With either advertising option, you remain in complete control of your budget, so you can invest as little or as much as you want. That said, if you invest too little in your ads, then your reach might not grow enough to show scaleable results. So basically, it’s better to invest more in advertising on one or two key platforms than investing a little in all of them.
5. Extra marketing initiatives
For the majority of businesses, the main goal of their social media efforts is to drive their bottom line. Attracting traffic back to your site with great content is one thing, but you also need to move people through your sales funnel.
That’s what your promotional material exists for. These initiatives can include:
- A social media competition to encourage signups and generate buzz
- A sweepstakes or giveaway to introduce people to your products
- Promotions like the below post from Cat Lover’s Paradise
For this option, you’ll need to invest in prizes for your campaigns. This could be one of your products or something else entirely. You’ll also need a lead capture tool on your landing page to encourage people to sign up. Your email marketing software probably has features you can use for this exact purpose.
You’ll also need graphics for your promotional material and time from your community manager to promote and post updates about your competition or promotion.
Here’s a breakdown of potential costs:
- Email marketing software: $0-$XXX per month depending on your platform. MailChimp is free up to a certain point.
- Prizes: $0 plus the cost of manufacturing a product for the giveaway.
- Advertising copywriting: $0 (do it yourself) or $0.25 to $3 per word for hire.
6. Social media and community management
Social media and community management is all about engaging with your audience and building lasting relationships on social media. This is a tricky art and it’s a good idea to appoint a particular person to the position of social media manager. Depending on how much you invest in this tactic, it could either be a full or part-time position, but either way they will be an integral part of your social media team.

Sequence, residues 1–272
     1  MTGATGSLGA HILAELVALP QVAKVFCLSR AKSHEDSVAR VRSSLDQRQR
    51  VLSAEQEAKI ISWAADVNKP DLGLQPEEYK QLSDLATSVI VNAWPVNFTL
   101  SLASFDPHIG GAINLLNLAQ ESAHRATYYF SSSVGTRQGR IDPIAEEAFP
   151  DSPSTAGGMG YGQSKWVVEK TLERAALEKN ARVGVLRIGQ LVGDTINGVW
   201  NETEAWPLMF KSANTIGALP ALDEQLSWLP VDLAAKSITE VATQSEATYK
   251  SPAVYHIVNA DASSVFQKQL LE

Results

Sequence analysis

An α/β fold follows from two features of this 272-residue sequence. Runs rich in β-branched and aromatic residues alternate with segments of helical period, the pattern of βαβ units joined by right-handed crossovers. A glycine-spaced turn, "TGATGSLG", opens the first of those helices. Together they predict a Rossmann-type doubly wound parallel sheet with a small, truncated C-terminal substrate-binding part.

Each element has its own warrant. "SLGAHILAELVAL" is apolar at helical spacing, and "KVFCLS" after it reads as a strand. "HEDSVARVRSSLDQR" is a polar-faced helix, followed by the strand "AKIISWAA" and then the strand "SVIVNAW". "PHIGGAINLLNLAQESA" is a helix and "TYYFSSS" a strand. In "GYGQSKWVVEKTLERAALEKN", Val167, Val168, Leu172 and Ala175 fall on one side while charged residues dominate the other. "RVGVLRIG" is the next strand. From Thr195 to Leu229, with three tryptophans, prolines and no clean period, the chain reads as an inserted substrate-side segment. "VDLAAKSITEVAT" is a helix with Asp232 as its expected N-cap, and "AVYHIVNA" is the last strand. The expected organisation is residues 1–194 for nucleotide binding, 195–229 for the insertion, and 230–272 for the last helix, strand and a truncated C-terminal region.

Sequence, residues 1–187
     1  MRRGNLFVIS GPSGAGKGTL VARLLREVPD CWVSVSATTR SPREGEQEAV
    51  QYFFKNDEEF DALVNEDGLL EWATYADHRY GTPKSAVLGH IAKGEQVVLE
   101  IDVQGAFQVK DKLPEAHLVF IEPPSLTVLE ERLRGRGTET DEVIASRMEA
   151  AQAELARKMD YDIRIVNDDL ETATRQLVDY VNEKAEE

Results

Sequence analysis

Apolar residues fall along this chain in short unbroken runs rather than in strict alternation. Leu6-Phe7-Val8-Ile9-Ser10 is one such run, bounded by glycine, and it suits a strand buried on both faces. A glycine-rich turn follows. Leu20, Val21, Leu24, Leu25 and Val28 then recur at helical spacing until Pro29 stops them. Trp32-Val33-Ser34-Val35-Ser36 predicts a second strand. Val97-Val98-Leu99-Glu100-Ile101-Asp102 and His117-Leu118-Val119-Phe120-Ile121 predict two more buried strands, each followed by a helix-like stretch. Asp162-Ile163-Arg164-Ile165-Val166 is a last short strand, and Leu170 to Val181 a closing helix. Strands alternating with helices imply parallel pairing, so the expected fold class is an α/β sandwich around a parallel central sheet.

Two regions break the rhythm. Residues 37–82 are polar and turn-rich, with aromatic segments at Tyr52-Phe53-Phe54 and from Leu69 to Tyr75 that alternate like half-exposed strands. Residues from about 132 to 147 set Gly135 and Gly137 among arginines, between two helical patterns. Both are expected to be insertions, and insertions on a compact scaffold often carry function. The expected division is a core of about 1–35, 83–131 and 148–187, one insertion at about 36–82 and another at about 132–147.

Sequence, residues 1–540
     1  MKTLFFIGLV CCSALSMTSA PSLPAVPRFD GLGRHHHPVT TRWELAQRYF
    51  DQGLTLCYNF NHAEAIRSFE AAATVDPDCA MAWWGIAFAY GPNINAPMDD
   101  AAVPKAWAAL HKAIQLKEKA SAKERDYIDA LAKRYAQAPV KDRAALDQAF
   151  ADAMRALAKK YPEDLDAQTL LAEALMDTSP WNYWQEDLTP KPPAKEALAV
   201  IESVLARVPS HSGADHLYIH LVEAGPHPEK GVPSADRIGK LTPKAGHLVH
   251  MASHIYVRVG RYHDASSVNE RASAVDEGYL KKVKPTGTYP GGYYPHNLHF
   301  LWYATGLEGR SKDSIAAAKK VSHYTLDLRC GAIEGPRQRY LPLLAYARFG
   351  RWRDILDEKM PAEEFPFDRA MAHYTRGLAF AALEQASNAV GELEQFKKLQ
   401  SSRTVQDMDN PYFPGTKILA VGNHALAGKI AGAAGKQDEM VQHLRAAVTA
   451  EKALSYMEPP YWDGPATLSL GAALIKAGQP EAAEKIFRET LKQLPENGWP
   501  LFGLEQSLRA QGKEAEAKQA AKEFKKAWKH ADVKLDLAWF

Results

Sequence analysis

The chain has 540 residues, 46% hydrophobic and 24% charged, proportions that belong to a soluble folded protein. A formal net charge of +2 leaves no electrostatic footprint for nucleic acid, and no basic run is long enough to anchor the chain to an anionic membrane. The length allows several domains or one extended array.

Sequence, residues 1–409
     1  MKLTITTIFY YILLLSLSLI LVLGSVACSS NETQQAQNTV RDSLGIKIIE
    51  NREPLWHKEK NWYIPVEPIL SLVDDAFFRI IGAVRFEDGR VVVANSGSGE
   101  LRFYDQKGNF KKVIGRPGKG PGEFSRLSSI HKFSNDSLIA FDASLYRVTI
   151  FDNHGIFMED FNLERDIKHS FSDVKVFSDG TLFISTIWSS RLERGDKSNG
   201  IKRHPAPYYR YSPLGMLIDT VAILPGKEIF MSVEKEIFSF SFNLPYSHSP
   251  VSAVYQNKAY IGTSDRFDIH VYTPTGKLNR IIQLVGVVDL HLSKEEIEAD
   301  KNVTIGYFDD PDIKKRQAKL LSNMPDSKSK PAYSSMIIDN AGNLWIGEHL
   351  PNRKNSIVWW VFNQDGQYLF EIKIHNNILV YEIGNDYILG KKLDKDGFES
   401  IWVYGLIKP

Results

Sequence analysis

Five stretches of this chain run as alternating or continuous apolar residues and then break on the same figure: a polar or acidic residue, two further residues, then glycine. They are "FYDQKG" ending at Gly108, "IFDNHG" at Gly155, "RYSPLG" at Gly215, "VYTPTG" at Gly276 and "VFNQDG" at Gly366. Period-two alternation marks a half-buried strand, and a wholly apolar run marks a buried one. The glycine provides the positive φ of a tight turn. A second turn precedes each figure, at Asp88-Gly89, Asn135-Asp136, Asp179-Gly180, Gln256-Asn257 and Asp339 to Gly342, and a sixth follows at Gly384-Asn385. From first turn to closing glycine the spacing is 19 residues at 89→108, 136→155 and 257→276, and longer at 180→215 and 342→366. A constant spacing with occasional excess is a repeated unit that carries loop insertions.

Your social media manager will be in charge of:
- Drafting and scheduling posts with a content sharing tool such as FlypChart
- Regularly logging into all of your social accounts to comment on people’s posts and respond to comments
- Engaging in relevant social groups and using hashtag-driven conversations to help build your audience
- Finding new ways to market your business or brand
Your social media manager will be the ‘voice’ of your business – the human messenger between your business and other people. They may also be in charge of hosting Twitter Chats, using Facebook Live, or hosting Reddit #AMAs.
7. Tracking data and results
The only way you’re going to know your social media strategy is really paying off is to track and measure your results. This is actually very easy to do, and will take up little to none of your social media budget.
Every social platform has built-in analytics features you can use for free – for example, check out Twitter Analytics. These help you see how well your content is performing and which posts get the most engagement, shares, etc. But if you want to achieve a more holistic look at your social media efforts, you’ll need to pony up for a third-party tool.
You can also track social media traffic back to your site for free using Google Analytics. You can manage Google Analytics yourself, or hire a professional to compile the insights for you. The cheapest way to do this is to find a expert to analyze the data on your accounts on a part-time or freelance basis.
A good social media strategy has a whole heap of different elements that work together to make it effective. If you forget to invest in one important part, your ROI will suffer.
These seven key components of a well-constructed social media budget that I’ve listed above are pretty essential. You can’t really skimp on copywriting or community management, let alone graphics and advertising.
Always give enough of your social media budget to each of these areas when you are drawing it up, and you’ll be well-positioned for success. Fail to do so and you may have a major *facepalm* moment later.
Do you tend to think of a social media budget as being complicated? What do you think is the most important area to put money towards? Let me know in the comments below.